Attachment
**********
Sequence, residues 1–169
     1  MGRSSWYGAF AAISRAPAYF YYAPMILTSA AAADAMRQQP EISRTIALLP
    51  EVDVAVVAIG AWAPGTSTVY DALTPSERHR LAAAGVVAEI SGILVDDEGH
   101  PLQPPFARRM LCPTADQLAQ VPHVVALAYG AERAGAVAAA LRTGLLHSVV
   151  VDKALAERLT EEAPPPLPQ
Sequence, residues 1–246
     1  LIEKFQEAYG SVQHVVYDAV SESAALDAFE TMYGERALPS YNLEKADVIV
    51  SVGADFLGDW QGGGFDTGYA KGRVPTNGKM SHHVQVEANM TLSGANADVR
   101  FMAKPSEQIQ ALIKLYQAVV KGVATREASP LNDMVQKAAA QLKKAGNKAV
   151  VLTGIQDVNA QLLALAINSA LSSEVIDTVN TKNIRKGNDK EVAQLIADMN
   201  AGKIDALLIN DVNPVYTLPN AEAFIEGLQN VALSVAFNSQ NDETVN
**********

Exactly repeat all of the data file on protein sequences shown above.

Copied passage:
Sequence, residues 1–169
     1  MGRSSWYGAF AAISRAPAYF YYAPMILTSA AAADAMRQQP EISRTIALLP
    51  EVDVAVVAIG AWAPGTSTVY DALTPSERHR LAAAGVVAEI SGILVDDEGH
   101  PLQPPFARRM LCPTADQLAQ VPHVVALAYG AERAGAVAAA LRTGLLHSVV
   151  VDKALAERLT EEAPPPLPQ
Sequence, residues 1–246
     1  LIEKFQEAYG SVQHVVYDAV SESAALDAFE TMYGERALPS YNLEKADVIV
    51  SVGADFLGDW QGGGFDTGYA KGRVPTNGKM SHHVQVEANM TLSGANADVR
   101  FMAKPSEQIQ ALIKLYQAVV KGVATREASP LNDMVQKAAA QLKKAGNKAV
   151  VLTGIQDVNA QLLALAINSA LSSEVIDTVN TKNIRKGNDK EVAQLIADMN
   201  AGKIDALLIN DVNPVYTLPN AEAFIEGLQN VALSVAFNSQ NDETVN